It is used in English for certain Benedictine (including some communities which follow the Rule of St. Benedict) and Carthusian monks, and for members of certain communities of Canons Regular. Examples include Benedictine monks of the English Benedictine Congregation (e.g. Dom John Chapman, late Abbot of Downside). The equivalent female usage for such a cleric is "Dame" (e.g. Dame Laurentia McLachlan, late Abbess of Stanbrook, or Dame Felicitas Corrigan, author).
In Portugal and Brazil, Dom (pronounced: [ˈdõ]) is used for certain hierarchs of the Roman Catholic Church and for laymen who belong to the royal and imperial families (for example the House of Aviz in Portugal and the House of Braganza in Portugal and Brazil). It was also accorded to members of families of the titled Portuguese nobility. Unless ennobling letters patent specifically authorised its use, Dom was not attributed to members of Portugal's untitled nobility: Since hereditary titles in Portugal descended according to primogeniture, the right to the style of Dom was the only apparent distinction between cadets of titled families and members of untitled noble families.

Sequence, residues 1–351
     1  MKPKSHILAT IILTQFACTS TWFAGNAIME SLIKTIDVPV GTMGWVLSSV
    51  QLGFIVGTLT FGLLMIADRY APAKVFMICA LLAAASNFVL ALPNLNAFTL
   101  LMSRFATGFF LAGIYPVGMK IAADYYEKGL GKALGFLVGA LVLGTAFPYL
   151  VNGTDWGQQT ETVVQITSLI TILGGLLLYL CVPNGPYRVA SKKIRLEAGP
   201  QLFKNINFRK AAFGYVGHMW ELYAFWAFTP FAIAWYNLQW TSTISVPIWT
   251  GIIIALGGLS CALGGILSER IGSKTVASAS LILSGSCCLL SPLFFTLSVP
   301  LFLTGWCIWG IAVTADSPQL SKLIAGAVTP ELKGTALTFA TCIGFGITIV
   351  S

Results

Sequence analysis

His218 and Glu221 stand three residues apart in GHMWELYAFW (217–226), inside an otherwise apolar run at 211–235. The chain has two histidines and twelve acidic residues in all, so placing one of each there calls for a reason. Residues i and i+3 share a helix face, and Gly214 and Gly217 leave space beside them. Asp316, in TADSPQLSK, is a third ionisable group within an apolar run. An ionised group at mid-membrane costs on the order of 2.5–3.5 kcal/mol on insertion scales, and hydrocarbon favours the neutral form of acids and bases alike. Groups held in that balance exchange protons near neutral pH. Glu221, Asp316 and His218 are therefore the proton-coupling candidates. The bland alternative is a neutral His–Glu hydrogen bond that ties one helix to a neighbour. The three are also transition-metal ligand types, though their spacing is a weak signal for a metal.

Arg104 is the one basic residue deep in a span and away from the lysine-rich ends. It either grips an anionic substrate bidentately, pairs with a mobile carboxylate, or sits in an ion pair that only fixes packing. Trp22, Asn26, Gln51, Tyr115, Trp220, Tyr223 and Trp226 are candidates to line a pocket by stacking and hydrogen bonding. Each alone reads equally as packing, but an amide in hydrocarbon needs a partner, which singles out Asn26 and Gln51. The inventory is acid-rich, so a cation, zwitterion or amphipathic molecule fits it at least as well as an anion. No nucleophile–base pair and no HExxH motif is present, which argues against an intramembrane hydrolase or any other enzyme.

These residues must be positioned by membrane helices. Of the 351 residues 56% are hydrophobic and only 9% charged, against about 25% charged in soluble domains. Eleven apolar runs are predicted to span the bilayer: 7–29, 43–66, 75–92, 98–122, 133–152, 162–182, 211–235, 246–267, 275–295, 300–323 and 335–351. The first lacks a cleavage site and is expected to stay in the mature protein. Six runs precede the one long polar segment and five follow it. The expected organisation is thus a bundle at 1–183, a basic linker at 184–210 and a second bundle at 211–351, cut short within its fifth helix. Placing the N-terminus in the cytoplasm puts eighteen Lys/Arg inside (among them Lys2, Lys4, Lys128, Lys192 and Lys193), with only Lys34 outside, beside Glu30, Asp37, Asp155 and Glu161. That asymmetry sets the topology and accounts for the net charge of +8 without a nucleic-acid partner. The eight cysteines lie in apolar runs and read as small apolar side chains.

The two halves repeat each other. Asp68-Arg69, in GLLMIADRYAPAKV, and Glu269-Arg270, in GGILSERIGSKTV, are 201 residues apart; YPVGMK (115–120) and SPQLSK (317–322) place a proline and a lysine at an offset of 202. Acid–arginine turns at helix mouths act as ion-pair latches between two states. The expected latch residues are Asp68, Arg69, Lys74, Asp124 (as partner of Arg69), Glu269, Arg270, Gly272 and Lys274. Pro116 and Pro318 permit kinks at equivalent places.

Dom has historically been used on occasions in French, as an honorific for Benedictine monks, such as the famous Dom Pérignon.
The feminine form, Dona, is a common honorific reserved for women, such as the First Lady of Brazil. In Portugal the feminine version of the honorific is more broadly attributed to women than Dom is to men.
- Angus Stevenson, ed. (2007). Shorter Oxford English Dictionary. Volume 1, A – M (Sixth ed.). Oxford, UK: Oxford University Press. p. 737. ISBN 978-0-19-920687-2.
- Tourtchine, Jean-Fred (September 1987). "Le Royaume de Portugal - Empire du Brésil". Cercle d'Études des Dynasties Royales Européennes (CEDRE):. III: 103. ISSN 0764-4426.